In New York last month, Indians who sympathize with Modi’s far-right Hindu populism chanted slogans calling for the takeover of two more mosques in the Indian cities of Mathura and Varanasi. “Ayodhya is just a teaser,” the crowd chanted. “Kashi and Mathura are pending!”
“The recent widespread festivities in the United States are concerning,” Rasheed Ahmed, who heads the Indian American Muslim Council, said. “The celebration of Ram temple consecration and glorification of Babri masjid demolition on a global scale is a blatant endorsement of religious intolerance.”
Modi’s involvement at the temple consecration in Ayodhya lends significant weight to the event, “which heightened the emotions, inflaming existing animosity among the Hindutva believers,” said Sudeep Dalvi, a social activist based in Goa, India.
“For decades, the Bharatiya Janata Party (BJP) led by Modi has been strongly advocating for the construction of the temple, viewing it as a symbolic assertion of Hindu identity following centuries of Mughal and British rule,” he said.
The site of the temple has been a flashpoint for religious tensions for decades, particularly since the demolition of the 460-year-old Babri Masjid mosque in 1992 by a large mob of more than 150,000 Hindutva men and women. In November 2019, the Supreme Court of India ruled that the mosque site should be handed over to a trust for the construction of a Hindu temple.
The central government’s announcement of a half-day closure for numerous hospitals, government offices, central institutions, and businesses across the country on the day of the consecration raised concerns about potential disruptions to emergency services nationwide and received harsh criticism.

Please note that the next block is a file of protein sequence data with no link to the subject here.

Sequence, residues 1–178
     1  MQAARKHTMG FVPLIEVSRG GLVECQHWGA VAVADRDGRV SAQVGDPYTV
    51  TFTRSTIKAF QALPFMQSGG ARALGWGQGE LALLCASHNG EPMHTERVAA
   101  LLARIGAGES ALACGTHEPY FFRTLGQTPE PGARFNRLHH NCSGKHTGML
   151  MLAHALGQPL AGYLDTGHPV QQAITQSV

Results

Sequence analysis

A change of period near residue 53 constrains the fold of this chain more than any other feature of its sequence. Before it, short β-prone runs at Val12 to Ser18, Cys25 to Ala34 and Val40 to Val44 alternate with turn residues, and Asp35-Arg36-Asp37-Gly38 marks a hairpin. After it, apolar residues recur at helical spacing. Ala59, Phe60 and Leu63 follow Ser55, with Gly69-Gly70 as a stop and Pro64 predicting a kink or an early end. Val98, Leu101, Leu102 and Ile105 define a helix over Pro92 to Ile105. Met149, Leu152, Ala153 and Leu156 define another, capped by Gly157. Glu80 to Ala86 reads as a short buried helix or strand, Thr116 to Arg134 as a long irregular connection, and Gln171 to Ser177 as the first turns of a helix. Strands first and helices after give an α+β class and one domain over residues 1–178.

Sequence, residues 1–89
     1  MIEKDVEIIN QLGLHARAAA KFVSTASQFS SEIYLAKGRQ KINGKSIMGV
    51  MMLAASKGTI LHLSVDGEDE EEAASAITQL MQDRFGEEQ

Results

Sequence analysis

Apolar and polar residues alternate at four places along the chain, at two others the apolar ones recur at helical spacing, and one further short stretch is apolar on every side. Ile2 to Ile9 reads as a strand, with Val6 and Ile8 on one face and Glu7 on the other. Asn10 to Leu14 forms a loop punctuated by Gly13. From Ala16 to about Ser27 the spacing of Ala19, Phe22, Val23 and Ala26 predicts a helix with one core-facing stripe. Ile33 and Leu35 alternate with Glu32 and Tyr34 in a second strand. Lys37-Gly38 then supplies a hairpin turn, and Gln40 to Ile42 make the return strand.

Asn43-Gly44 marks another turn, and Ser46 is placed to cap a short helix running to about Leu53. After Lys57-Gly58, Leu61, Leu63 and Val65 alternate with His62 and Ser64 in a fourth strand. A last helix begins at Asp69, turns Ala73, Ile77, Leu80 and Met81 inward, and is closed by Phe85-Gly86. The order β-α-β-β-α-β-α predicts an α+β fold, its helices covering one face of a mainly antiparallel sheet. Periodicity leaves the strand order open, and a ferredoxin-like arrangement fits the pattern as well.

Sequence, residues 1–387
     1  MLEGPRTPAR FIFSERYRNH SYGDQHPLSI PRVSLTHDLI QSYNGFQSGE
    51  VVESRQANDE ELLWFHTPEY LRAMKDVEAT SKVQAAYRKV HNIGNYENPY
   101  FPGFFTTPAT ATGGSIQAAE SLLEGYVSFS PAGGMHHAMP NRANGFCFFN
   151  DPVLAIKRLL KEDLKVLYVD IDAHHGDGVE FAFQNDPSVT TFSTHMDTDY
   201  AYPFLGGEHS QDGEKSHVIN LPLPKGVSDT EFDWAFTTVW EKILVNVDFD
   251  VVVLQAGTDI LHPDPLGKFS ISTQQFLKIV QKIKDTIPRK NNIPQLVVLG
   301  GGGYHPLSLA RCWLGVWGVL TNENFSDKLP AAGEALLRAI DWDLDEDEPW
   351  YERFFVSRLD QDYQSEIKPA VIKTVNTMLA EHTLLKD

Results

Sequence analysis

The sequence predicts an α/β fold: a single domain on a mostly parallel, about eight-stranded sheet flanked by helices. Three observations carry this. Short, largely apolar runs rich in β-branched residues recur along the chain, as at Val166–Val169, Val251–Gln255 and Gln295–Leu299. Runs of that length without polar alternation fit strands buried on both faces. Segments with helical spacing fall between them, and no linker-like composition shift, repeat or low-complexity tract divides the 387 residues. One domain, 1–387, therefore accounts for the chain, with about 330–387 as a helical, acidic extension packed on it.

Criticism for Modi also came from international organizations, opposition parties, and prominent spiritual leaders following the ceremony.
Four shankaracharyas—revered spiritual leaders of the Hindu faith—did not attend the ceremony, unhappy with what they perceive as a departure from the ancient Hindu tradition. “It’s the responsibility of priests and sadhus to consecrate Lord Rama’s idol,” said Shankaracharya Nishchalananda. They also viewed the ceremony as overly politicized, potentially influenced by electoral considerations. The Congress Party, the chief rival to Modi’s BJP, asserted in a statement that while religion is a personal matter, the BJP and the Rashtriya Swayamsevak Sangh (RSS), a Hindu nationalist volunteer paramilitary organization, have long pursued the construction of the Ram Mandir as a political project.
Modi is a lifelong member of the all-male RSS, which was established in 1925 and modeled on Italian fascist groups such as Mussolini’s Blackshirts. Both the BJP and RSS view India as a nation for Hindus, by Hindus. Before assuming office as India’s prime minister in 2014, Modi served as the chief minister of Gujarat state, which in 2002 experienced a riot resulting in more than 2,000 deaths, predominantly among the Muslim community.* A United Kingdom inquiry later declared Modi was “directly responsible.” This dark chapter netted Modi international condemnation, including a U.S. travel ban in 2005, and cemented his image at home as an anti-Muslim leader.
Despite the rising Hindu nationalist violence against Indian Muslims during his tenure as a chief minister, Modi led the BJP to victory in the 2014 general elections and secured another win in 2019.
Now, with the inauguration of the temple, Modi and the BJP are aiming to leverage religious sentiments to shore up their grip on power for a third consecutive term in the upcoming elections, expected to take place this spring. Modi aims to position himself as a leader who honors and promotes Hindutva and Hindu heritage, appealing to a broad spectrum of voters across the Hindu majority in India.
“The temple’s opening not only marks a milestone in the BJP’s Hindutva agenda but resonates deeply with Hindu sentiments, potentially solidifying support for the party among its base,” Dalvi said.
Correction, February 4, 2024: The Gujarat riots referenced in this article were in 2002, not 2022.